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Opinionista

Gender-based violence is a war against the humanity, dignity and equality of women

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Nobuntu Hlazo-Webster is Founder of the South African Women’s Commission and Deputy Leader of Build One South Africa (Bosa).

At its core, violence against women and girls seeks to express the ‘lesser-than’ status of women in society; to place women in a category of existence where they are suppressed, disempowered and dominated over. It is no different from what the system of apartheid sought to do to black people.

On Wednesday, in my capacity as deputy leader of Build One South Africa (Bosa), I was invited to give a keynote address at the launch of a state-of-the-art mobile app that uses artificial intelligence to combat the scourge of gender-based violence (GBV) in South Africa.

The app, designed and pioneered by Kwanele South Africa, is a groundbreaking initiative designed to combat GBV and provide crucial support to victims. It offers real-time assistance and information to individuals affected by GBV.

The technology is extremely impressive, and I am convinced it will do much to assist women in what has become a daily assault on their bodies.

However, I was painfully struck by this reality: while many other countries are developing state-of-the-art technology to advance their society and economies, South Africa requires an app to protect women from physical abuse. It is a stain on our national conscience – one which we must collectively tackle.

At its core, violence against women and girls seeks to express the “lesser than” status of women in society, to strip women of their dignity and is an act which defies the very humanity of women. It is a means to place women in a category of existence where they are suppressed, disempowered and dominated over. It is no different from what the system of apartheid sought to do to black people – to suppress, disempower and dominate over them.

It is the physical expression of GBV which is most visible, but daily, in homes, in communities, in workplaces, many women have not realised a life of equality. The scales in power, influence and even mere existence, are tipped in favour of men – in the economy, in families and in societal structures.

If the apartheid system saw movements emerge to challenge that oppression, the international community rise in solidarity to fight this enforcement of inequality, a country in flames to fight for human dignity and equal rights – why in a free and democratic country does such a crisis against human equality persist?

While South Africa’s Constitution promotes equality for all people, irrespective of gender, race, religion or sexual orientation, our human rights-based legal system has failed to effectively address and redress the issue of gender inequality in the country – despite South Africa being the most dangerous place to be for women. This is most glaringly illustrated by the state of GBV in South Africa.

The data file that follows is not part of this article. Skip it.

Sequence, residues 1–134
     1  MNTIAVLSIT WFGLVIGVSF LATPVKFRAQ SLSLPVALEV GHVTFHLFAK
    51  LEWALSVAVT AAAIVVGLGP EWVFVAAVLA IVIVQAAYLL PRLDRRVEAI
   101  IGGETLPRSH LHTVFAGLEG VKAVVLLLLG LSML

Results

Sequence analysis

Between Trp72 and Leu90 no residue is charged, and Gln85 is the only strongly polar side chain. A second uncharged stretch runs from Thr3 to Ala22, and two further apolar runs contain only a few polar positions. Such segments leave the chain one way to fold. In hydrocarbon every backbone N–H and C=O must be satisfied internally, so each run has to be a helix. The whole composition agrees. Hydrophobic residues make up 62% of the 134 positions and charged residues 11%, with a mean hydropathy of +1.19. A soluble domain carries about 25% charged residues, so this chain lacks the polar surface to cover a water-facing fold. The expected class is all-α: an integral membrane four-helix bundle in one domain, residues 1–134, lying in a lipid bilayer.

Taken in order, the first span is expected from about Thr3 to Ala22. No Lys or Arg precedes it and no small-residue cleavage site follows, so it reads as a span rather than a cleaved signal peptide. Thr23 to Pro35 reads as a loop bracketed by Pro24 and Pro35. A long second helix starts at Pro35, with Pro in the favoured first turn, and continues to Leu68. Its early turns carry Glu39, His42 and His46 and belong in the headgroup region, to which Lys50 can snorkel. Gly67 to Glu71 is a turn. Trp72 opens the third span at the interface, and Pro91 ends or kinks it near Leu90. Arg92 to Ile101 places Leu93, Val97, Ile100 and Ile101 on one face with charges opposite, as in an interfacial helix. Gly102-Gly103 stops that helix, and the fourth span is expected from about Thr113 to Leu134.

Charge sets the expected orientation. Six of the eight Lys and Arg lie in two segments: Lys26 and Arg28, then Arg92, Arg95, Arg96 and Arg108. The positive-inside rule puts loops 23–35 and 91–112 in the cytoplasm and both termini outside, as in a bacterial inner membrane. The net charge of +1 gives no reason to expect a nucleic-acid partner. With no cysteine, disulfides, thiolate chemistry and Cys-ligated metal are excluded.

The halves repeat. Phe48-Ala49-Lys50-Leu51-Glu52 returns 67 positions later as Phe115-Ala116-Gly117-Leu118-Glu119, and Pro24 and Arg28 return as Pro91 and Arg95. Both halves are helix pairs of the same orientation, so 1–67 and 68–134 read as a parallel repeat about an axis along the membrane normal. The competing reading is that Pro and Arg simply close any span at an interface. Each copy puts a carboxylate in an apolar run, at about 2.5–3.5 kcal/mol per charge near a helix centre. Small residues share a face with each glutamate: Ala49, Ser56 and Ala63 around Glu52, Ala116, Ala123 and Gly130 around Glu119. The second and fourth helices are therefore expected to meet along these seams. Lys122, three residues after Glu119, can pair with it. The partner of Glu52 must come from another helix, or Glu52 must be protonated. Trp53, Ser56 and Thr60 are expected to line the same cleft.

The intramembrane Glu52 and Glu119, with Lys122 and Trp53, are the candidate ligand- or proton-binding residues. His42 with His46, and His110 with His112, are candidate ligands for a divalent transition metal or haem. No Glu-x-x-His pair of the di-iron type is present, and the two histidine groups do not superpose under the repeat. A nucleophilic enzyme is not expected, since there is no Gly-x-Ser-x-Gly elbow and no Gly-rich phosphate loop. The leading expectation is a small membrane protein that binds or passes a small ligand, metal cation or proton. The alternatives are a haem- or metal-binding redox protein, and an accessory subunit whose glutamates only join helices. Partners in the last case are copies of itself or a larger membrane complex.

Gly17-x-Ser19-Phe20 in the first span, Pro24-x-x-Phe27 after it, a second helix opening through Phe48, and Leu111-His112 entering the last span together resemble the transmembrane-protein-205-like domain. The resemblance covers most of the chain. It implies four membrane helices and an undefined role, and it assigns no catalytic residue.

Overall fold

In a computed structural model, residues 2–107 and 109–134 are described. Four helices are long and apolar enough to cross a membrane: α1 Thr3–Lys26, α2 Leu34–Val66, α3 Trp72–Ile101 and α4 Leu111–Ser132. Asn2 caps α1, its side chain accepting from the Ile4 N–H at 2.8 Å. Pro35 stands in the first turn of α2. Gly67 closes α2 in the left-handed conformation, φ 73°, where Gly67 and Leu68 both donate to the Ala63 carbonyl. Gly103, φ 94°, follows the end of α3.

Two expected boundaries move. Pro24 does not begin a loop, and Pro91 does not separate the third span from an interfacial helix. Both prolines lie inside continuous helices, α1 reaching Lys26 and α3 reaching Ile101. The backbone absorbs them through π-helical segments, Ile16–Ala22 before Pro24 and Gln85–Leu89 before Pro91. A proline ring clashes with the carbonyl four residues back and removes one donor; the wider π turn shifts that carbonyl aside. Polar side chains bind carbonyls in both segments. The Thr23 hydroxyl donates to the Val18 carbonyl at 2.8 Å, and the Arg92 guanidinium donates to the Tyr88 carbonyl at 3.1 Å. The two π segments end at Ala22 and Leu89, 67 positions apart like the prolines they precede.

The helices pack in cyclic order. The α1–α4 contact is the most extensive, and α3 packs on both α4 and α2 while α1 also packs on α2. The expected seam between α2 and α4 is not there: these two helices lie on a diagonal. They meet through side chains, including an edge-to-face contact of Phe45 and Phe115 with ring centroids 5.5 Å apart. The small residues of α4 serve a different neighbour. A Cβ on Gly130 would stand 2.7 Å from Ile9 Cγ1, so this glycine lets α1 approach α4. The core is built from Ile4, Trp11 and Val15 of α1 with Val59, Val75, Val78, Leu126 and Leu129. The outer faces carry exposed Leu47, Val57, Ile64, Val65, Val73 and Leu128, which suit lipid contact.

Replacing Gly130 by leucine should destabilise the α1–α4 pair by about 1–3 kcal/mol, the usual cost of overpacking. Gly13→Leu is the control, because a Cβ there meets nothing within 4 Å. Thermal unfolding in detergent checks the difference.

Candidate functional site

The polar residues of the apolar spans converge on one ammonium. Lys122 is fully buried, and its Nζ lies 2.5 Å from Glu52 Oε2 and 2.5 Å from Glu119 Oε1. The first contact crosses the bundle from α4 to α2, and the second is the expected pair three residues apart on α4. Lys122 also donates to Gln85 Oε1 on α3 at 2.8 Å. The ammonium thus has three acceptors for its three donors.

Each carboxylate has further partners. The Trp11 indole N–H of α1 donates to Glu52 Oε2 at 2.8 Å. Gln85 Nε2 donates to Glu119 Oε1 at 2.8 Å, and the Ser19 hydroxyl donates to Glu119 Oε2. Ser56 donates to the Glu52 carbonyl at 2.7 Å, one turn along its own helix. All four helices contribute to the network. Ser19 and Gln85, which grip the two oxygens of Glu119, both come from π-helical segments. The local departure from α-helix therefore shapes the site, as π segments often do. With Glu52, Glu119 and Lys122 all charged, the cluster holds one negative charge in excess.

Until there is a force of action against this oppression against women and the enforcement of laws and policy which communicate the weight of this right to equality, the scourge of GBV will persist.

Our country has failed

For this to be realised, it will take leadership which recognises the brutality of inequality, is alive to the resulting violent culture and has the decisiveness to ensure the enforcement of all measures. The leadership of this country has failed in this regard. In a country at war with its women, our country has failed.

Despite enacted legislation, its limitations and the ineffectiveness in resourcing and implementation has seen a less than 10% decrease in rape rates in South Africa. The shocking rate at which South African women are killed by intimate partners is five times higher than the global average (World Bank, 2019).

The World Health Organisation recognises GBV as a major public health problem, but in South Africa, it is an oppression which has, to a large extent, been normalised; not just in society, but as evidenced by a lack of urgency on the government’s part in responding to what has been duly declared a pandemic.

The resources and funding directed at the ecosystem of prevention, support for victims and corrective interventions do not reflect the extent of the crisis. As an example, an average of R50-million per year has been spent in support of GBV shelters over the past four years, an amount which barely scratches the surface for a critical intervention in the ecosystem. Police stations continue to be ill equipped and under resourced for the reporting of GBV crimes, and the judicial system fails victims of GBV.

It is the lack of progress in these areas and the communicated lack of political will to correct an oppressive ill in our society that have resulted in South Africa’s being considered as the rape capital of the world. In the first quarter of 2022, about 10,818 rape cases were reported. Between July and September of this year, 10,516 rapes were reported to the police. This is almost the same number of cases reported in the previous year – a clear indication that the government is failing in effectively addressing GBV.

Bosa will continue to advocate for interventions at national government level to assist the fight against GBV. These include an automated national registry for protection orders; an updated and public sexual offences registry; legal aid to GBV victims who want to sue the government for failure to protect and prosecute; ending the shortage of rape kits at police stations; and building more sexual offences courts.

It is time we saw violence against women for what it is: a war against the humanity, dignity and equality of women. We cannot afford for another generation to normalise this indignity and violence. We need to fight for change. DM

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